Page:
When the Soviets didn’t show up for a World Cup qualifier

This day in football history


On 21 November 1973, Chile beat the Soviet Union 1–0 in a World Cup qualifying playoff match. It helped that the Soviets didn’t bother to show up.

For the first time ever, World Cup qualifier pitted a European team against a South American team in a playoff for the final spot in the tournament. The two teams drew 0–0 in the first leg, played in Moscow on 26 September. The second leg was scheduled for the National Stadium in Santiago, which had recently been used as a prison camp during that year’s Chilean coup d’etat led by U.S. supported General Augusto Pinochet against Soviet backed President Salvador Allende.

The Soviets refused to play in the stadium, effectively withdrawing from the tournament. The match went ahead as scheduled, though, with the Chileans kicking off before a crowd of thousands. They passed the ball down the pitch to their captain, who kicked it into the net from directly in front of the goal. FIFA, however, declared the match a forfeit.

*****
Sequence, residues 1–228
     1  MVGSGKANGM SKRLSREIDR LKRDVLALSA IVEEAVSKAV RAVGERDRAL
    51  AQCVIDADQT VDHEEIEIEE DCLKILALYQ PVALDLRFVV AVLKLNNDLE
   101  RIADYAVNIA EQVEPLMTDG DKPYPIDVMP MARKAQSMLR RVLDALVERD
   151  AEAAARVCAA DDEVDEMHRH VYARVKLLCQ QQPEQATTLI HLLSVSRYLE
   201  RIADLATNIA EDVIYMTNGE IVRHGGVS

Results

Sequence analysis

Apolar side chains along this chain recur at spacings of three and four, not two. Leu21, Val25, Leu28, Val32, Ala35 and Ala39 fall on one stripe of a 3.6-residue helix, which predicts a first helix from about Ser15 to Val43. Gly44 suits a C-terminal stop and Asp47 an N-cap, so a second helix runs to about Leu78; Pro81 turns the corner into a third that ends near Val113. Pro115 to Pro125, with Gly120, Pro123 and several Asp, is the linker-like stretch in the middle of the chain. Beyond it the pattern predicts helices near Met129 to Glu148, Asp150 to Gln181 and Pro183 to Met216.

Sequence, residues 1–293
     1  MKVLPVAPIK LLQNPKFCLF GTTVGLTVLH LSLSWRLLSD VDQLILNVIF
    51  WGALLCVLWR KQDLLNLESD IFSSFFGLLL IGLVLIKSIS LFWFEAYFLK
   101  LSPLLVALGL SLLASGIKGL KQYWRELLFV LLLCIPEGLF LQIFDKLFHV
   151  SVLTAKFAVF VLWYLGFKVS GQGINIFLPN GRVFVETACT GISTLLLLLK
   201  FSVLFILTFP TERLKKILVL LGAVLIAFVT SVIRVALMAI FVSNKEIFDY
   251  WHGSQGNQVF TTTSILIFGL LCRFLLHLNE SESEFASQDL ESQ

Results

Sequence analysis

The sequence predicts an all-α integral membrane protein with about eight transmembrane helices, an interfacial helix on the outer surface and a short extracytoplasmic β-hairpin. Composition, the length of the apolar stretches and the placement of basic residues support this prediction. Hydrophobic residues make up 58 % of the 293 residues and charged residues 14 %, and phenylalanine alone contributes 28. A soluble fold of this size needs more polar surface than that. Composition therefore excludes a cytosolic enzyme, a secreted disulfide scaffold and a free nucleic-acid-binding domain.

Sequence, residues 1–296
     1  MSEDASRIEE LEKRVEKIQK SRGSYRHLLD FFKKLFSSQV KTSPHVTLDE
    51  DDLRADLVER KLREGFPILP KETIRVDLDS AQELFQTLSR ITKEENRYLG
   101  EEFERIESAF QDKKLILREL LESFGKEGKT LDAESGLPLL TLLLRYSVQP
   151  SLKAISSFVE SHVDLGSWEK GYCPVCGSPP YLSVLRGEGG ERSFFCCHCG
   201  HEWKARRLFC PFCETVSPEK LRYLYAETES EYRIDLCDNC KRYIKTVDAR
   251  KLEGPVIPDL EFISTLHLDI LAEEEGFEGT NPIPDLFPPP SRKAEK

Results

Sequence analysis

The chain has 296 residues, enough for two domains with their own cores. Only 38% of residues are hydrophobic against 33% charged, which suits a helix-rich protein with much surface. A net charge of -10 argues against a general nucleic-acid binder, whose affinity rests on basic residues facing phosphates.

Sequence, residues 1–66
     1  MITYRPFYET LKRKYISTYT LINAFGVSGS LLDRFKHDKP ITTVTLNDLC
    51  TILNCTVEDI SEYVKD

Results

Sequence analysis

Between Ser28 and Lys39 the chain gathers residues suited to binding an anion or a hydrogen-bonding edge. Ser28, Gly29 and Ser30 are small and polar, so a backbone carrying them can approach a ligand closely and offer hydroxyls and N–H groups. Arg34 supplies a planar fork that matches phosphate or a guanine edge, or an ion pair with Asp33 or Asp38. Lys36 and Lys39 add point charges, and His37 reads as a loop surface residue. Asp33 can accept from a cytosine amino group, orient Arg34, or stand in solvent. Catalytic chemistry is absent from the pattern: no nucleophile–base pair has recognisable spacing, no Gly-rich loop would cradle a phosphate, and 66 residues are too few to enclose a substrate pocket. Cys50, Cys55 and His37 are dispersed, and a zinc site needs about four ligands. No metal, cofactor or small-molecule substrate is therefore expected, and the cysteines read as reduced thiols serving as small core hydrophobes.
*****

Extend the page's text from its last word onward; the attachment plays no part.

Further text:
Not to waste the opportunity for a match, Chile hosted a friendly against Brazilian club Santos immediately afterward and lost 5–0. At the 1974 World Cup, Chile failed to advance out of Group 1, finishing between East Germany and eventual winners West Germany.